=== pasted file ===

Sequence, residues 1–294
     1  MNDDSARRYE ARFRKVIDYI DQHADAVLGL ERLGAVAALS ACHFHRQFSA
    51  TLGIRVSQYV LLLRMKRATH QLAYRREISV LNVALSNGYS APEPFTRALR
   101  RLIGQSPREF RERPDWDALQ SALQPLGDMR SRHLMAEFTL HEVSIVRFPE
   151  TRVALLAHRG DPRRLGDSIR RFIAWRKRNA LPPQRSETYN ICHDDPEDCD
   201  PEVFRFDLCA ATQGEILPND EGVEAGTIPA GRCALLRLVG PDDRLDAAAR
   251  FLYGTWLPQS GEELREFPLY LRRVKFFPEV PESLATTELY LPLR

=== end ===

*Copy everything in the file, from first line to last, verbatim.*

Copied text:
Sequence, residues 1–294
     1  MNDDSARRYE ARFRKVIDYI DQHADAVLGL ERLGAVAALS ACHFHRQFSA
    51  TLGIRVSQYV LLLRMKRATH QLAYRREISV LNVALSNGYS APEPFTRALR
   101  RLIGQSPREF RERPDWDALQ SALQPLGDMR SRHLMAEFTL HEVSIVRFPE
   151  TRVALLAHRG DPRRLGDSIR RFIAWRKRNA LPPQRSETYN ICHDDPEDCD
   201  PEVFRFDLCA ATQGEILPND EGVEAGTIPA GRCALLRLVG PDDRLDAAAR
   251  FLYGTWLPQS GEELREFPLY LRRVKFFPEV PESLATTELY LPLR